Arachidonic acid (AA) is a type of omega-6 polyunsaturated fatty acid that is found in animal-based foods such as meat, poultry, and eggs, as well as some plant-based oils such as corn, sunflower, and soybean oil.
In the body, arachidonic acid is involved in several processes, including the regulation of inflammation, blood clotting, and the contraction of smooth muscle cells. It is also the starting point for the synthesis of several signaling molecules known as eicosanoids, which include prostaglandins, leukotrienes, and thromboxanes.
Although arachidonic acid has important physiological functions, an excessive intake of omega-6 fatty acids, including arachidonic acid, has been linked to increased inflammation and an increased risk of certain chronic diseases, such as cardiovascular disease and some types of cancer.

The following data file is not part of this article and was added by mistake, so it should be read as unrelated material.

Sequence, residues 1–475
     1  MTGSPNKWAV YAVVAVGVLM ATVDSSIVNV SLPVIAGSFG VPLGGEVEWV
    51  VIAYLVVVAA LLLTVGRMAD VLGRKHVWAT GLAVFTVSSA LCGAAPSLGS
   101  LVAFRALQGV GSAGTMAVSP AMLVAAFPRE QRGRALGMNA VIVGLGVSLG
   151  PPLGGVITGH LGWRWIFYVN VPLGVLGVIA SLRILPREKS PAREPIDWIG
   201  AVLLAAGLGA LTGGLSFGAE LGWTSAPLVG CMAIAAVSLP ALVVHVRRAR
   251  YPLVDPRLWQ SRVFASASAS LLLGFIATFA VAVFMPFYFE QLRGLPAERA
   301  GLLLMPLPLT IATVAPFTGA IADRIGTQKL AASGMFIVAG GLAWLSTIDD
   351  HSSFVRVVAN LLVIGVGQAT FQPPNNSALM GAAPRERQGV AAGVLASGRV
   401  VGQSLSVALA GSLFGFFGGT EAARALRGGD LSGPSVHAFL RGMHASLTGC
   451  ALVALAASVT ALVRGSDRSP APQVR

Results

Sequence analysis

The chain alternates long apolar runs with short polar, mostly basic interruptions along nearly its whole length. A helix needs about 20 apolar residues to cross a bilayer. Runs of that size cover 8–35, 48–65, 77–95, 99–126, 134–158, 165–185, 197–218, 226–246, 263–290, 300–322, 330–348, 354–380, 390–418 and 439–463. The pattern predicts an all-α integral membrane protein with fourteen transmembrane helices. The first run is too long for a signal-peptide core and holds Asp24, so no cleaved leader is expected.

For this reason, it is recommended to have a balanced intake of omega-3 and omega-6 fatty acids, rather than an excessive intake of one type or the other. This can be achieved by consuming a diet that includes a variety of healthy foods, such as fish, nuts, seeds, and vegetables, and limiting the consumption of processed foods and oils high in omega-6 fatty acids.